Medical Assistant Definition

Medical assisting is a vocation that falls into the so called middle-skills job category. The medical assistant works under the employ and direct supervision of a doctor and side-by-side with various other medical and health care practitioners, nurses and highly specialized technologists in an ambulatory medical office or clinical setting. The minimum requirement to become a medical assistant is a high school diploma, it does not require a post-secondary degree from a college, or higher education institution.

Definition of the Medical Assisting Discipline

Medical assisting as a career is best described as an occupation within the healthcare industry, but medical assistants are not considered skilled professionals such as licensed clinicians, technologists, or registered nursing staff, as a matter of fact, the medical assistant is not regarded as a true professional by means of definition at all, mostly due to the lack of overseeing regulations and higher educational and licensing requirements that would govern the medical assisting discipline, wherefore, the term medical assistant profession, or professional is a misnomer, although widely used.

Medical Assistant Is Not a Professional, Per Se!

Professionals, by definition, usually hold a 2-year or more academic degree and are autonomous, which means they have a high degree of control of their own affairs insofar as making independent judgments about their work. This means they have the freedom to exercise their own professional judgement and practice their skill independently. Examples of professionals are doctors, psychologists, therapists, engineers and lawyers.

Therefore using the term “medical assistant professional” is a misnomer.

    

Unlike the above mentioned professionals, medical assistants CANNOT work independently, make independent decisions, independently triage, give medical advice, change prescriptions, administer medications, or make adjustments to patient care plans.

Medical assistants must work under the direct supervision of the doctor who hired them and are considered strictly assisting and supporting staff. Nevertheless, medical assistants are highly respected and held in high esteem among doctors and patients; their function and presence in the medical office is regarded as important and their employers and supervisors agree they would be lost without them. Patients, their family members, and the community as a whole appreciates their services and assistance to them as a first point of contact in the medical office.

The term “medical assistant salary”, which is so often used to reference medical assistant pay, is yet another misnomer. Medical assistant pay typically consists of hourly wages received in exchange for their labor. Although many people refer to the medical assistant’s pay as a salary, their pay is a wage. A salary is a form of periodic payment which it typically specified in an employment contract and, by definition, is not calculated based on exact hours, or other units worked.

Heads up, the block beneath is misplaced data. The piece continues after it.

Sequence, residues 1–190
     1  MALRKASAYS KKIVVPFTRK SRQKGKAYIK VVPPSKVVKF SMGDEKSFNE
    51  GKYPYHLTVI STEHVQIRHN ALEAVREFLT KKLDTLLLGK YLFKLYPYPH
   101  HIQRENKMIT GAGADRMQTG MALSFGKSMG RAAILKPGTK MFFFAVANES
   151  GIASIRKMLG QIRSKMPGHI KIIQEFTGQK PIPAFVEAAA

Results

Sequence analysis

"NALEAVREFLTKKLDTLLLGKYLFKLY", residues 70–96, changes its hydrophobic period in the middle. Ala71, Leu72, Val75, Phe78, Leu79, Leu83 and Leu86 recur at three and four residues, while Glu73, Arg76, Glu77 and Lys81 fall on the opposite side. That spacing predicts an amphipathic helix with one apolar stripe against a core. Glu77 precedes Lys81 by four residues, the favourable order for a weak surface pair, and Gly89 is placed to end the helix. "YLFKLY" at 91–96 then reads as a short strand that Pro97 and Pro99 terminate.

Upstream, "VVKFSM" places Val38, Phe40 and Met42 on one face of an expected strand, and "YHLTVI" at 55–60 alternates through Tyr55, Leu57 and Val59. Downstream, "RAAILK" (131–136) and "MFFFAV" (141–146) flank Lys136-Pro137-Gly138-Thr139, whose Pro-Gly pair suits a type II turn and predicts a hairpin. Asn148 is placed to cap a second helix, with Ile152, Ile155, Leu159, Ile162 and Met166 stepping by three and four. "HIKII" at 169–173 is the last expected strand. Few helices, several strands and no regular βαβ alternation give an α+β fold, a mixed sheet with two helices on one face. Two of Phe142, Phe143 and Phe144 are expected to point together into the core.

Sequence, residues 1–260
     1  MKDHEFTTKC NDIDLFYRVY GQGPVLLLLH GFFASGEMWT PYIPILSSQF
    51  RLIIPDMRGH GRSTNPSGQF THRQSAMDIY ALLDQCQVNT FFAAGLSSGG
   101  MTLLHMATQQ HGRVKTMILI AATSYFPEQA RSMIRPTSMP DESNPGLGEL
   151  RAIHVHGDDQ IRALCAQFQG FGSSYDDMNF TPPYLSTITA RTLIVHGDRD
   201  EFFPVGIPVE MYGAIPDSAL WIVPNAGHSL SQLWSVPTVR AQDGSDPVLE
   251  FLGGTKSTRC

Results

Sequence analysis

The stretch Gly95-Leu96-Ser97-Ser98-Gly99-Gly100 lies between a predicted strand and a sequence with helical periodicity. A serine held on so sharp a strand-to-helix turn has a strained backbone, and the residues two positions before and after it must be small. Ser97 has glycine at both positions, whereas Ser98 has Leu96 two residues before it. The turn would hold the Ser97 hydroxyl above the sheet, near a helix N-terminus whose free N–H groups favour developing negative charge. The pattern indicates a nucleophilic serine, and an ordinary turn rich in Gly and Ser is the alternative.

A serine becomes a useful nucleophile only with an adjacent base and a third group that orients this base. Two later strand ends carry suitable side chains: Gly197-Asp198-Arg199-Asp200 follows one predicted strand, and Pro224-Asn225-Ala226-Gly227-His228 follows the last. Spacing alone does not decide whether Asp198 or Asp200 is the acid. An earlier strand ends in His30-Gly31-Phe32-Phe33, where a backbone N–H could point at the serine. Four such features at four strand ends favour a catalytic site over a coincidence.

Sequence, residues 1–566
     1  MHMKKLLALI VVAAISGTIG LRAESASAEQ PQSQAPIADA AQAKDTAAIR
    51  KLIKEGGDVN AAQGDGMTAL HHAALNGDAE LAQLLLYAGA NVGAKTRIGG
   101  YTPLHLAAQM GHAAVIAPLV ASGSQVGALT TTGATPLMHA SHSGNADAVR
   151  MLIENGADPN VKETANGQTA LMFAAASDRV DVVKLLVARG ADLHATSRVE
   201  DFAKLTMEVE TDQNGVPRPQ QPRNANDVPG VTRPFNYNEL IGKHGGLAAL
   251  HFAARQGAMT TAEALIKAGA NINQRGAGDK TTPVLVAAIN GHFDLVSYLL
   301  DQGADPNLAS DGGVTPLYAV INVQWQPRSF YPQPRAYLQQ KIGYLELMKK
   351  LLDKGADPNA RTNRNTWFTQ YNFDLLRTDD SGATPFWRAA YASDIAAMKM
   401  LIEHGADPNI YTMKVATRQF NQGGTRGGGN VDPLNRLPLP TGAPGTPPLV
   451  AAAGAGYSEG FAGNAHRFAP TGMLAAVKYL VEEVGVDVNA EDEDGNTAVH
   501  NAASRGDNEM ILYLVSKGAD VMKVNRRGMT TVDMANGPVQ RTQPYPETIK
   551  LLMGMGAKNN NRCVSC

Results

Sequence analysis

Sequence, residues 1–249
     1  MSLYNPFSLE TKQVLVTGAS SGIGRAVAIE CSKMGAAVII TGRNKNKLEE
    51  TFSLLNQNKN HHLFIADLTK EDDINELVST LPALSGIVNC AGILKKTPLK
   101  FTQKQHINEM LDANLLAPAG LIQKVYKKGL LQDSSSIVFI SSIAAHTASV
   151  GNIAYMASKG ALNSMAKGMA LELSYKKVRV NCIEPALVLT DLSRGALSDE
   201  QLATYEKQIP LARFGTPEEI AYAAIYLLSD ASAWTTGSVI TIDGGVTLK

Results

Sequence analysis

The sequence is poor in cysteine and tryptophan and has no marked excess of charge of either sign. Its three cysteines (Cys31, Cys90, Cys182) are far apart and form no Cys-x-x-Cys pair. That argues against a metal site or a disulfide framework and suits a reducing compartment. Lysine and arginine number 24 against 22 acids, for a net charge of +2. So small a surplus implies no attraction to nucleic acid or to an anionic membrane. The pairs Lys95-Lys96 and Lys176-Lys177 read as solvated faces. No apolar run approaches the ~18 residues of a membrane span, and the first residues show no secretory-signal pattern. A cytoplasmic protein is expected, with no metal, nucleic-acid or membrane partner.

Becoming a Medical Assistant

Becoming a medical assistant involves work related instruction usually in form of vocational education from a formal post-secondary educational and training program, or direct on the job training provided and overseen by a physician. Many medical assistants voluntarily join a professional membership association, such as the AAMA, RMA, NRMA or NHA. These professional bodies typically define, promote, oversee, support and regulate the affairs of its members and require a certain amount of annual continuing education units (CEU) to maintain their membership and credentials active.

3 Responses to Medical Assistant Definition

  1. salwani abu bakar says:

    How much is the salary of a medical assistant?
    What are good benefits of working as a medical assistant?

  2. Jen says:

    In various places, you do not need to be licensed or registered to be a medical assistant. I began as an orthopedic medical assistant at $9.50/hr; two years later I work for a walk in clinic and make about $10.50/hr. While I have gained a lot of outpatient experience (casting/splinting, wound care, staple/suture removal, patient triage, assisting with procedures such as pelvic exams, toenail removal, laceration repair, etc), I realized that I would not be able to make a decent living on this salary. I am currently halfway through nursing school in order to still work directly with patients and physicians, but make atleast double what I do now. It has been a great way to get experience and learn the ins and outs of healthcare, but medical assistants don’t have much room to grow financially and aren’t as respected as higher educated staff. So bottom line, I would definitely recommend this profession if you want more hands on training as you pursue further education within the healthcare field. Hope this helps!

    • Danni R. says:

      Yes, Jen, I agree with you. While the medical assistant is essential to the ambulatory medical office and practicing physicians, the discipline itself is not considered a true profession due to the lack of regulation and specific training requirements. Medical assisting is an occupation that is definitely underpaid, and takes years to increase your salary through promotions, unless you luck out. Specialists in certain regions pay more, but if I recall it right, $23 – $25 per hour is the highest I have ever heard of, and that is the exception… and most often without any special benefits. Sad.

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